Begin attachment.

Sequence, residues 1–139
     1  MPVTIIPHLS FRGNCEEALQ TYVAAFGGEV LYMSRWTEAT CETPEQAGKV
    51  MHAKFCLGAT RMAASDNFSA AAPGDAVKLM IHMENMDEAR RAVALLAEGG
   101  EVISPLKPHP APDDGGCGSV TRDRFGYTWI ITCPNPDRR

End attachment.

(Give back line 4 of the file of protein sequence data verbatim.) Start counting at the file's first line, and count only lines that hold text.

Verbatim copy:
   101  EVISPLKPHP APDDGGCGSV TRDRFGYTWI ITCPNPDRR